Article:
HONORING PARENTS AND FAMILY WHILE RAISING SUPPORT

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By on July 25, 2014   /   9 Comments

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“You’re an embarrassment to the family – you shouldn’t be begging, looking for a handout!” I was stunned by my aunt’s exclamation as we ate lunch at a restaurant near her retirement community. Clearly, she didn’t understand my lifestyle of missionary support raising, nor did she agree. She made it plain that she would not participate in my financial support.

I was taken aback by her negative response to my recent decision to do missions work and depend upon church, friends, and family for financial support. I went to the Lord after this painful interaction and sensed that He understood my support raising lifestyle, and He agreed (whew!). However, it was important for me to honor and respect my aunt in spite of her strong disapproval.

I never again mentioned finances to her, but continued to keep in touch, visiting her when I was able, and sending her ministry updates, i.e. the “word of my testimony”. The disagreement was not brought up again, but years later after receiving one of my letters describing my YWAM ministry, she phoned my mom, asking, “How do I support Betty?” That ministry letter helped her more fully understand my ministry missionary lifestyle. From that point on, she supported me on a monthly basis. After many years of my faithfulness in keeping up the relationship with her, finally a breakthrough!

During that time, my mom also had a hard time understanding my missions/support raising lifestyle, although she supported me from the beginning. However, when she read my book, Friend Raising – Building A Missionary Support Team That Lasts, she shared, “I finally understand why you do what you do the way you do it!” I was so grateful, even though it took so long… better late than never!

I’m encouraged by Paul’s instruction to Timothy, “Pursue righteousness and a godly life, along with faith, love, perseverance, and gentleness.” (I Tim. 6:11b, NLT) So often, our gentle, pursuing love breaks down barriers, as we continue to communicate what God is doing through our lives and ministry, even with those who may disagree with us, especially close family members.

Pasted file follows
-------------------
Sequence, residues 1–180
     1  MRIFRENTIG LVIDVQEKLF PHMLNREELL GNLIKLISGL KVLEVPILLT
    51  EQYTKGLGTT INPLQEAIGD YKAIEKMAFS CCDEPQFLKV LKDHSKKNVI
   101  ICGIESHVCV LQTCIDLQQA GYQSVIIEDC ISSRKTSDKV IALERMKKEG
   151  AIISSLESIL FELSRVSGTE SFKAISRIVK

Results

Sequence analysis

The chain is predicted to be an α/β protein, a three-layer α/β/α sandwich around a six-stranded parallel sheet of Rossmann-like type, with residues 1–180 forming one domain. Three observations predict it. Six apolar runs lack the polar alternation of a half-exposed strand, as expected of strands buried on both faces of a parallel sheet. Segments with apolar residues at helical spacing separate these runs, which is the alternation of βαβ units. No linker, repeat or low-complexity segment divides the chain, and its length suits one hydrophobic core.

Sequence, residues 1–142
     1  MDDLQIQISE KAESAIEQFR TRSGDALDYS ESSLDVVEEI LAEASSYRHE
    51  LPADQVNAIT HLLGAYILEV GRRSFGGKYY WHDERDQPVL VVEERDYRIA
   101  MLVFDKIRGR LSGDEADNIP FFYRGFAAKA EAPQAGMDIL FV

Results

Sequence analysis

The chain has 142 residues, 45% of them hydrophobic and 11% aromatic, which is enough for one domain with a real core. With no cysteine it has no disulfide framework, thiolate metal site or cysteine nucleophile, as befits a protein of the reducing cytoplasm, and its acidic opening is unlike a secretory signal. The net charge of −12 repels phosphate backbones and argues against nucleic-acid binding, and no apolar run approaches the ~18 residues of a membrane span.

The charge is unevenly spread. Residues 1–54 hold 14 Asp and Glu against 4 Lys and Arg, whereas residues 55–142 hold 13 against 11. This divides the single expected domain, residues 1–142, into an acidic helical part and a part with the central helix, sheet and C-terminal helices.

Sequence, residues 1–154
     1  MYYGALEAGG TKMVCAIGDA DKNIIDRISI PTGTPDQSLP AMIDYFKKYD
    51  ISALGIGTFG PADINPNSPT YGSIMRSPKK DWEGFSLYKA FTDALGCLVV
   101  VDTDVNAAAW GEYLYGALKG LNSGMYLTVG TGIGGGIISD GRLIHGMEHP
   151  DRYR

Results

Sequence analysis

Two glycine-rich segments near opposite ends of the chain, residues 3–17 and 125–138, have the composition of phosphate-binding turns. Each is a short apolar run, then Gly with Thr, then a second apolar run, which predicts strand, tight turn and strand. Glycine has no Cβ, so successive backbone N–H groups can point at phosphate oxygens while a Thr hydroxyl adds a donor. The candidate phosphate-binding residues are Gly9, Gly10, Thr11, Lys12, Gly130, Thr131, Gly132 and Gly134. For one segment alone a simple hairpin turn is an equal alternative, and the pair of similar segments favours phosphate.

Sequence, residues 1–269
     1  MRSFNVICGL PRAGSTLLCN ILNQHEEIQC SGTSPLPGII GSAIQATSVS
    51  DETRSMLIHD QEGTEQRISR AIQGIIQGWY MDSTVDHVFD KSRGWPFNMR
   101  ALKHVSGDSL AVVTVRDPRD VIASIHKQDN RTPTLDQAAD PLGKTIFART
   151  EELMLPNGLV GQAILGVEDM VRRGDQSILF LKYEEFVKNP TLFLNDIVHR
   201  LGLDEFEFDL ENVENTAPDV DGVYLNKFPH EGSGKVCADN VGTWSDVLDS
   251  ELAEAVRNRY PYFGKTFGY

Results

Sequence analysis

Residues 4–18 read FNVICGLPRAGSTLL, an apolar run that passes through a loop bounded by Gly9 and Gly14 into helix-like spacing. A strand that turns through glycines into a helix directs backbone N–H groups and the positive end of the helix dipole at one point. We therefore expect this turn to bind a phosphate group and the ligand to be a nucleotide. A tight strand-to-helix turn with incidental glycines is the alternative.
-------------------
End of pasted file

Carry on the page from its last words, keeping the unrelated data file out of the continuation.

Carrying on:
Our families, especially parents, have a huge influence on our support raising endeavors, either encouraging or not. They may or may not “get it” when we are on a journey they don’t necessarily endorse. They may want us to have the “American Dream” or at least to walk a more culturally acceptable road. This alien lifestyle of support raising may cause a stumbling block to their approval of our chosen “career path”. Our response is to be honoring and respectful, whether or not our parents or family members agree.

It’s helpful to remember Jesus’ words in Mark 6:4, “A prophet is honored everywhere except in his own hometown and among his relatives and his own family.” Those closest to us often have insight about our strengths and weaknesses, but also limited awareness of our potential. It’s often difficult for them to see us in a new light, through the Lord’s eyes.

Jesus encountered this challenge early on. At the age of twelve, He and his parents had different perspectives on where He was to be. “Didn’t you know I had to be in my Father’s house?” He asked when His parents found Him in the Temple, after they had searched for three days (Luke 2:41-52). Jesus recognized that His heavenly Father came first, yet Scripture tells us that He returned to Nazareth with His parents and “was obedient to them… Jesus grew in wisdom and in stature and in favor with God and all the people.”

Honor and respect are foundational ingredients of all successful relationships and support raising efforts – and it begins with our parents! We are to honor our parents, but always ask our heavenly Father for ultimate guidance.

Showing honor involves expressing appreciation for our parents’ significant role in our lives. Even if we disagree with them, it is deeply honoring to consult them on major life decisions, such as a missionary career. Our destiny is deeply affected by our response to the fifth commandment, to honor our parents (regardless of how well they have done in those roles). It is the only one of the ten with a promise – that “it may go well with [us] in the land” the Lord is giving us (Deut. 5:16). This includes our missions calling, that “land” the Lord is “giving us”.

Respecting our family by asking their opinion is important to them and to us. However, we may be misunderstood. We may have to gently respond with, “We must obey God rather than men!” like Peter and the apostles did (Acts 5:29).

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